Cassius Clay won a gold medal serving his country in the1960 Rome summer olympic games. Less than ten years later the same man, now known as Muhammed Ali, was willing to go to jail rather than serve his country.
Ali’s refusal to submit to induction into the U.S. military lead to the stripping of his heavyweigh title and being banned from boxing.
The one thing about Al that did not change during those years was his ability to float like a butterfly and sting like a bee.
From his return to the ring in 1970, to his retirement in 1981, Ali’s boxing prowess earned him the nickname, “The Greatest.”
Ali’s recorded a 56 win 5 loss record. Thirty-seven of those wins came by knocked out.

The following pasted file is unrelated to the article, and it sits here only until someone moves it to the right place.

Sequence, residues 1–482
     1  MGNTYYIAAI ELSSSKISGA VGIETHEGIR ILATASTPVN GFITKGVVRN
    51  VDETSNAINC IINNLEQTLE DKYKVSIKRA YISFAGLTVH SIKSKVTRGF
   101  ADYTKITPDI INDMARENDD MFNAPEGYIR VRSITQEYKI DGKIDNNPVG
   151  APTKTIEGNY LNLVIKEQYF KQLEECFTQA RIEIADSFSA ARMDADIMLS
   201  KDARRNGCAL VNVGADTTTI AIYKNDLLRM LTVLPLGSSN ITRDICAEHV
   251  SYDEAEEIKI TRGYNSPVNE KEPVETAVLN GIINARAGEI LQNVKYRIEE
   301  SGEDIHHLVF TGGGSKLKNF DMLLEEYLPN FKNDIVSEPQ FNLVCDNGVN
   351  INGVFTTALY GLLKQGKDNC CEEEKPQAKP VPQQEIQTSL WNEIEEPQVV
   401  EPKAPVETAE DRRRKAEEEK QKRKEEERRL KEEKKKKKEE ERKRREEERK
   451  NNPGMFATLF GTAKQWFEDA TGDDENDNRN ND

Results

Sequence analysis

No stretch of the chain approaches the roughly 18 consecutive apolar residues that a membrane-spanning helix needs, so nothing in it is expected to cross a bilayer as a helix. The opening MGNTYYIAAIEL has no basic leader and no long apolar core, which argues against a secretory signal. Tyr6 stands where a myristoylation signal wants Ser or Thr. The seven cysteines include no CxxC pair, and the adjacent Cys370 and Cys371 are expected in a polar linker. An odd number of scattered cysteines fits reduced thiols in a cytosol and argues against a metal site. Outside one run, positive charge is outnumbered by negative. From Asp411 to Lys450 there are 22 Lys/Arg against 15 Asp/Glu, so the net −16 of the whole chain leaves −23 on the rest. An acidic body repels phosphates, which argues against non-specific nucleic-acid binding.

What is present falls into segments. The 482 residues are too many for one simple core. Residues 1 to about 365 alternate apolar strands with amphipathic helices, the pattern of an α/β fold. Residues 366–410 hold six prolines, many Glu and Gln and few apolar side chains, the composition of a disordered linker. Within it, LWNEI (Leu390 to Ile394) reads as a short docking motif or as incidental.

Documentary films have been made about two of Al’s most famous fights; ”The Rumble in the Jungle,” and “The Thrilla in Manilla.”
Ali’s ability as a showman helped bring in millions of dollars to the sport. Asked to explain how he defeated a young, stronger George Foreman during “the Rumble in the Jungle,” Ali said he used a technique called the “rope a dope.”
We all knew age would stop Ali from boxing, but few predicted Parkinson’s disease would send Ali’s verbal abilities down for the count. Despite the limitations placed on him by the degenerative brain disease, Ali has continued to stay active. Aii lite the Olympic torch at the 1996 Summer games in Atlanta.
Ali has helped serve 232 million meals worldwide. He has hand-delivered food and medical supplies to children in Asia, Africa and through North, South and Central Americas.
Ali is an official spokesman for the Special Olympics World Games in Shanghai, China.